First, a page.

"What I love about 'Pearly Foam' is how the show is framed curatorially," said Rawk. "Meg did a wonderful job of tying the various threads of our disparate practices together to showcase trans artists and yet not have it be a 'trans show.' Yes, the three of us are all trans artists, and I believe that asserting our voices in a culture that actively seeks to destroy us is vital and a means of psychical survival. Yet it can feel tokenizing to have my work reduced to one part of my identity, being asked to participate in shows to tick off that diversity box, ignoring or erasing the other components of the work. I feel like 'Pearly Foam' is not that and I'm thrilled with Meg's vision, the ideas of tourism, desire, time/space, mutation, loss and revenge that are tied into each of our works."
"I appreciate the opportunity for a larger dialogue that this exhibit provides me within the spectrum of art, non-profit and queer spaces," said Rodriguez. "In 'The Papi Project', I'm documenting my upbringing in a gay disco of queers, kids and cats. This particular show includes cruising sites that I inhabited as a child and currently as a tourist through these loaded landscapes."
A number of events will be taking place at both locations including a free screening of "From This Day Forward," Shattuck's daughter Sharon's film documenting their family's experience as Shattuck transitioned, at the Center Nov. 19. On Nov. 20, the Center will be holding an event in the third floor gallery space to honor Transgender Day of Remembrance and on Nov. 21, the Center will hold a day-long "trans flu·ent·ial Film Festival." David Weinberg Photography will be hosting a Trans Rights Panel with ACLU Project Director John Knight, Dec. 3 at Weinberg's gallery.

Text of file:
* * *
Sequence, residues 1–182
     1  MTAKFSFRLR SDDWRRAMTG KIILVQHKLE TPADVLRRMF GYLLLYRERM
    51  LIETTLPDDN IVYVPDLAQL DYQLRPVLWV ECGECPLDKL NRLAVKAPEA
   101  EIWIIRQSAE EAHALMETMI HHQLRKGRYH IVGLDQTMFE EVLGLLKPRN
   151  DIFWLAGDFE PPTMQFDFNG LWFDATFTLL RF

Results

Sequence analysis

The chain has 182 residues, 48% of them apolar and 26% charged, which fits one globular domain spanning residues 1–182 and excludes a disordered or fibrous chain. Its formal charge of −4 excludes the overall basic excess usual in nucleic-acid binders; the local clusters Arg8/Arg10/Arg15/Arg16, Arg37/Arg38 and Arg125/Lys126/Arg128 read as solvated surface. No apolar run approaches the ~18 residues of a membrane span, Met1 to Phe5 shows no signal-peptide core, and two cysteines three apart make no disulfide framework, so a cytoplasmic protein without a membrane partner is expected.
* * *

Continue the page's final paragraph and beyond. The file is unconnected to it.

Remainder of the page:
See d-weinberg.com/pearly-foam-programming to RSVP for these events and other upcoming events.
Previous events included an opening reception for Shattuck's exhibit Oct. 9 at the Center, an artist panel discussion for "Pearly Foam" Oct. 21 at the Center and an opening reception for "Pearly Foam" Oct. 23 at David Weinberg Photography.
"With transgender visibility at the nexus of conversations both nationally and locally, the timing of Center on Halsted's partnership with David Weinberg Photography on trans representation could not be more apt," said Modesto 'Tico' Valle, the Center's CEO. "Leaders in the trans community have welcomed allies and the public into understanding the disparities and inequities facing this population. Center on Halsted's unique position as a community center that provides both social services and cultural programming allows us to bridge this gap in a unique way and further the conversation, by providing individuals with the opportunity to engage with various aspect of trans representation at a personal level. Art, a form of expression that is uniquely tied to the individual, is thus a natural entry point."
"This show feels different for me because although it has political undertones it's less about examining a social issues and the political questions that come from that and more about giving trans artists a voice," said Noe. "In some ways it's trying not to feed into what the media has produced around trans bodies and sensationalizing them and recognizing that they're artists who also happen to be trans."
The motivation behind what we do here and this show in particular is primarily about trying to develop a dialogue among people," said Weinberg. "We want people to talk about the issues and that's why we have programs that accompany every one of our exhibits. We always have our radar out there looking for interesting and important issues we feel we should be highlighting and is what drives us day in and day out. Meg does a great job of identifying terrific art. We put an enormous emphasis on the quality of art that we show so there's this balance between that and the issues that is showcased through the art that we show. That's what transfluent is all about."
For more information, visit d-weinberg.com/ and www.facebook.com/events/1471906659804893/ .